Check out the above clip from a Canadian new story, reporting on the price gouging going on with Rogers Wireless over in the Great White North. We feel their pain, as the Rogers iPhone 3G pricing plan is an utter rip-off. So much so, that some Rogers customers are even considering leaving their contracts behind with the company. For all the details on the plans, hit the video above, but the suckiest part is that you only get 400 MB of data on Rogers. That is nothing. Compare that to AT&T in the USA, where you get unlimited data with an iPhone plan.
Rogers says that their plans offer customers “high value bundles.” What? Potential customers have started a site over at Ruined iPhone to collect all the negative comments, and press associated with this story.
Students at Canada’s Simon Fraser University have come up with an idea to remind you if you forgot your cell phone, keys, or other important items before you leave your home or office. Utilizing RFID technology, they have created the Ladybag. The handbag reacts by showing what is missing on its LED display. Taking it one step further, the bag reflects emotions via sensors. Grab its sides and it shows a happy face. Play with the zipper and it shows nervousness. While we are not sure that we like the second attribute, we can’t wait until this prototype is picked up by an enterprising backer.
Read More | Ladybag Project
When Endeavor takes off this week, it will have more than a paper airplane and space boomerangs for the astronauts to play with. Dextre (for dexterous) will have to be built once he arrives on the ISS, for he is 12 feet tall with multi-jointed 11 foot arms. Costing about $200 million, he is tele-operated and will attend to some of the station repair jobs. Apparently the Canadian bot has a sensitive touch and precise control even without legs.
Read More | CSA
Speaking of the OLPC Program, if you took back some of the gifts you received already or are feeling particularly beneficent, you can still participate in the Give One Get One Project if you live in the United States or Canada. The deadline has been extended through December 31. For your $399.00 donation, one XO laptop will be given to your child and one sent to a girl or boy in a developing country. Don’t forget that $200.00 is tax deductible. (Yes, it’s already that time again.)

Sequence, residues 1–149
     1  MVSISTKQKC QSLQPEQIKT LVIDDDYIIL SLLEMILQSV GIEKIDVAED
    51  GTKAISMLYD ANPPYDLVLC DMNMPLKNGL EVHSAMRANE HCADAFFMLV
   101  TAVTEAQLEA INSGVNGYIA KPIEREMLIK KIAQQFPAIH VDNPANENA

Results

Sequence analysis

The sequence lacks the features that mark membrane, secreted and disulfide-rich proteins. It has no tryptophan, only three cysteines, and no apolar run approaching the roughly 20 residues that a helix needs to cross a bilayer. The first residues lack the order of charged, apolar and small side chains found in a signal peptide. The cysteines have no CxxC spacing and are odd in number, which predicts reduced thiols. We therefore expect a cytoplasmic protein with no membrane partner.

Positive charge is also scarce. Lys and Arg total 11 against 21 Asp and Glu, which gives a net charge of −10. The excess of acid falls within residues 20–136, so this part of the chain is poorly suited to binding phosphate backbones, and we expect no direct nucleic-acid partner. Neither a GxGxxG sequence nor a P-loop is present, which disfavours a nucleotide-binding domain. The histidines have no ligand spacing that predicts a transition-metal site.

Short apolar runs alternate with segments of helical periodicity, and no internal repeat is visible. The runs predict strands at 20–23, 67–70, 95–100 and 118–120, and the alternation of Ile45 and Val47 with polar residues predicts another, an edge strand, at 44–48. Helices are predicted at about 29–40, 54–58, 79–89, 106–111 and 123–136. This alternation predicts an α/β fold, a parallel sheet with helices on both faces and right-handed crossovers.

Read More | OLPC
If you think your cell phone bill is high, take a look at Piotr Staniaszek’s dilemma. Last month, he was billed nearly $85,000.00 from Bell Mobility in Canada. It seems he got so excited that he could use his phone as a modem with his $10.00 unlimited browser fee that he downloaded high-def movies and other large files. The man said he thought the first bill for $65,000.00 seemed a mistake and was amazed when it continued to climb. He claims that he will fight the $3,243.00 charges that Ma Bell gave him in a “goodwill gesture” because he felt they should have notified him when he was over $100.00, as they had done previously. We think he should be grateful for small favors
Read More | BBC
Blackberry devotees, take heart. The Canadian firm Research in Motion claims a net profit of $287.7 million through September 1, as opposed to the same period in 2006, in which they made $140.2 million during the second quarter. The company claims that the jump was due to new global users that helped it beat the 10 million mark, as it added another 1.45 million subscribers. RIM believes that their profits will continue to rise and beat their market targets for the rest of year.
Read More | BBC